Drinking several cups of coffee each day can help victims of Parkinson’s disease control their movements, according to an article published in the online medical journal Neurology.
“Studies have shown that people who use caffeine are less likely to develop Parkinson’s disease, but this is one of the first studies in humans to show that caffeine can help with movement symptoms for people who already have the disease,” said study author Dr. Ronald Postuma of McGill University in Montreal.
For the study, 61 people with Parkinson’s disease who showed symptoms of daytime sleepiness and some motor symptoms were given either a placebo pill or a pill with 100 milligrams of caffeine two times a day for three weeks, then 200 milligrams twice a day for three weeks, which was the equivalent of between two and four cups of coffee per day.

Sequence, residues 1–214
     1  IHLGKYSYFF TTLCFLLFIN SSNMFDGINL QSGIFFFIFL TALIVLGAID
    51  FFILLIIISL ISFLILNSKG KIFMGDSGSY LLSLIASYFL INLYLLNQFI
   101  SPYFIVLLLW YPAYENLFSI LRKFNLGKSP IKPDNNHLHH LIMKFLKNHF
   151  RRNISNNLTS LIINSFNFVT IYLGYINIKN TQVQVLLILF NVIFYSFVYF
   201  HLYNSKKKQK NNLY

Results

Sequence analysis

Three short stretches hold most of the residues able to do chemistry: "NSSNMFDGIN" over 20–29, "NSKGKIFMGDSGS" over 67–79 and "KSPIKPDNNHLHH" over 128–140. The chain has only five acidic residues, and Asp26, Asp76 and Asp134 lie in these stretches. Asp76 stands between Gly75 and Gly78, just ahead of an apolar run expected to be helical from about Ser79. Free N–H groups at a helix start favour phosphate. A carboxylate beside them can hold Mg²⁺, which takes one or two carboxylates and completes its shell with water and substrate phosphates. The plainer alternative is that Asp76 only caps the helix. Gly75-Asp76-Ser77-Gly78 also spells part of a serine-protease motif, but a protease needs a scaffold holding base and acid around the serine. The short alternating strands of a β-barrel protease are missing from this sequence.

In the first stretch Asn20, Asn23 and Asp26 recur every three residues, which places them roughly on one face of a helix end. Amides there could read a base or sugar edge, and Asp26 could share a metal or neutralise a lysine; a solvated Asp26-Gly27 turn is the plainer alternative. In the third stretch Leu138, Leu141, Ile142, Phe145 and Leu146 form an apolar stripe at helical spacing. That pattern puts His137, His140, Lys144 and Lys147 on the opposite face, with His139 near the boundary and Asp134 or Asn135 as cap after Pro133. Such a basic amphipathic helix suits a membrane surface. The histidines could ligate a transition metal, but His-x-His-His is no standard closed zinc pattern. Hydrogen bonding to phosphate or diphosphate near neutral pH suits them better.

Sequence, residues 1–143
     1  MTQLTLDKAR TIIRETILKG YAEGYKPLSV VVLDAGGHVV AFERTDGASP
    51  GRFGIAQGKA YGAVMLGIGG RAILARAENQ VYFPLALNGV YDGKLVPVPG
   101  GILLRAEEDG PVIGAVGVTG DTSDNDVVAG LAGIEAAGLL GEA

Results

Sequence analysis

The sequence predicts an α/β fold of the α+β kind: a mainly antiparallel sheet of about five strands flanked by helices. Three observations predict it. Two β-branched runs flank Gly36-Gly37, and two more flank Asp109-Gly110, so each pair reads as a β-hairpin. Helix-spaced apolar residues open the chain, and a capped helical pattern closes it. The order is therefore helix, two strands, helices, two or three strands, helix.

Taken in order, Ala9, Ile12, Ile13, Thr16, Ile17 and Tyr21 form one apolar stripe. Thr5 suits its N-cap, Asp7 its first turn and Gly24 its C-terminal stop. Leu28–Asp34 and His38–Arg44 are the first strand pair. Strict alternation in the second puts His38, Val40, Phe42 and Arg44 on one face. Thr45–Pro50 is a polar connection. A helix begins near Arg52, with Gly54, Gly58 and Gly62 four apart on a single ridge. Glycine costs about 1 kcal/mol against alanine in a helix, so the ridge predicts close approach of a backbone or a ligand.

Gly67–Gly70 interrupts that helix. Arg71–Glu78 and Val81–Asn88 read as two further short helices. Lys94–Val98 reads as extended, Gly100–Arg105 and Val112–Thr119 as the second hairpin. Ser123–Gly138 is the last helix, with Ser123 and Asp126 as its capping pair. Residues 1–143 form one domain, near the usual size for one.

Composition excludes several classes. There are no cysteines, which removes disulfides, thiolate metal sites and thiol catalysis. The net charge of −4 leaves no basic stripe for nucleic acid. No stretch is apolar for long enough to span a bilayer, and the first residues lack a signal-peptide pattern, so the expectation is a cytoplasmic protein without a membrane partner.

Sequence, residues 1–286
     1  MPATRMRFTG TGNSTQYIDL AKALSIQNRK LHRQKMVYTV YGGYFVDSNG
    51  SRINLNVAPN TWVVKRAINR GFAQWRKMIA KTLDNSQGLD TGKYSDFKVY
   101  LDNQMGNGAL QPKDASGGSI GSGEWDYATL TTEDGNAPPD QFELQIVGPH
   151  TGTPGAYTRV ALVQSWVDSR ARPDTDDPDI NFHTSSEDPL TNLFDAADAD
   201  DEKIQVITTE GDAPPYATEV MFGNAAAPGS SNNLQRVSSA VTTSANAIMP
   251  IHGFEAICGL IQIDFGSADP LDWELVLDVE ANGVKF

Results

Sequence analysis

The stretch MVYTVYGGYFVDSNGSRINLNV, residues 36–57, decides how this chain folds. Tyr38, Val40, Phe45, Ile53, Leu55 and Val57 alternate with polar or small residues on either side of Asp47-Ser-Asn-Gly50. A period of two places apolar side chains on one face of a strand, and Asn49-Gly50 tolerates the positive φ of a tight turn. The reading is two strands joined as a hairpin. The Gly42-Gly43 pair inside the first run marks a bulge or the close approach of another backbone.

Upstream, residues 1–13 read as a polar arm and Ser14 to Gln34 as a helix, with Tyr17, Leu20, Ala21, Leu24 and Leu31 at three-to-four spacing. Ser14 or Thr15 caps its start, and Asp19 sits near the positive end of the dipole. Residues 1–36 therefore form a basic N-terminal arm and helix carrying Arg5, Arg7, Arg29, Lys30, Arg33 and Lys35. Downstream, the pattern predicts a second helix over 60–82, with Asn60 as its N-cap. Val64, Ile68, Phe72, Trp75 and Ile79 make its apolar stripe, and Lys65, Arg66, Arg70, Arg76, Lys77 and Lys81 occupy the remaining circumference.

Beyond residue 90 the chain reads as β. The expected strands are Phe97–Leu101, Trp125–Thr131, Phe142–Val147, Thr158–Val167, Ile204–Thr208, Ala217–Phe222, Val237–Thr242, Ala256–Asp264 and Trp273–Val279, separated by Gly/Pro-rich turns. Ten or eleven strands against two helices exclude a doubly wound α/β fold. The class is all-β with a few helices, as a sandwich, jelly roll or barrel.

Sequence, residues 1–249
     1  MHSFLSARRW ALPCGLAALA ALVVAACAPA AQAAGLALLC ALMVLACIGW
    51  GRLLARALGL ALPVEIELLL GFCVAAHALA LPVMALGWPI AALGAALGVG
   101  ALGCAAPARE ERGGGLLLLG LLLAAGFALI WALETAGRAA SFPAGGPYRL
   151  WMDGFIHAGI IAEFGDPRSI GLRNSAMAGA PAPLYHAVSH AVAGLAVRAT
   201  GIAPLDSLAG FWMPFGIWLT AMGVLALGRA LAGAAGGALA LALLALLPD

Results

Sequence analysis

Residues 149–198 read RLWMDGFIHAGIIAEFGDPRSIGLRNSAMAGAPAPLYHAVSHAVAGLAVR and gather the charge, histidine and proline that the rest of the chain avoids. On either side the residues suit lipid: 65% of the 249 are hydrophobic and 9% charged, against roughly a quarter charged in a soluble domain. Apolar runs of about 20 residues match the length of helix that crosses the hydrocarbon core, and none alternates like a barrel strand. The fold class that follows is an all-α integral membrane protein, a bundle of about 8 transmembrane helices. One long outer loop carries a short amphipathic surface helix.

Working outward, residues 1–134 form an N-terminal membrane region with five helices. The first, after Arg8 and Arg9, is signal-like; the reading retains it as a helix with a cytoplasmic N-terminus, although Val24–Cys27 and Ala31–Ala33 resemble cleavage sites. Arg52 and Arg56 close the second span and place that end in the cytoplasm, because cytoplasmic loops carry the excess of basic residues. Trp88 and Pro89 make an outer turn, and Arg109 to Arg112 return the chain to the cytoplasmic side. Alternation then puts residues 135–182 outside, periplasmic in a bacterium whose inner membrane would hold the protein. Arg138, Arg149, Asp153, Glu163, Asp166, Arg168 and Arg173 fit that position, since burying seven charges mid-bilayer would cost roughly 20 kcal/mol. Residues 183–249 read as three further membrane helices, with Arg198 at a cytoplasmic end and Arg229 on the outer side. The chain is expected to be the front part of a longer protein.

After six weeks, the half that took the caffeine supplements averaged a five-point improvement in Parkinson’s severity ratings compared to those who didn’t consume caffeine. “This is a modest improvement, but may be enough to provide benefit to patients,” said Postuma, who is also a member of the American Academy of Neurology.
Read more: New Study: Coffee Eases Parkinson’s Symptoms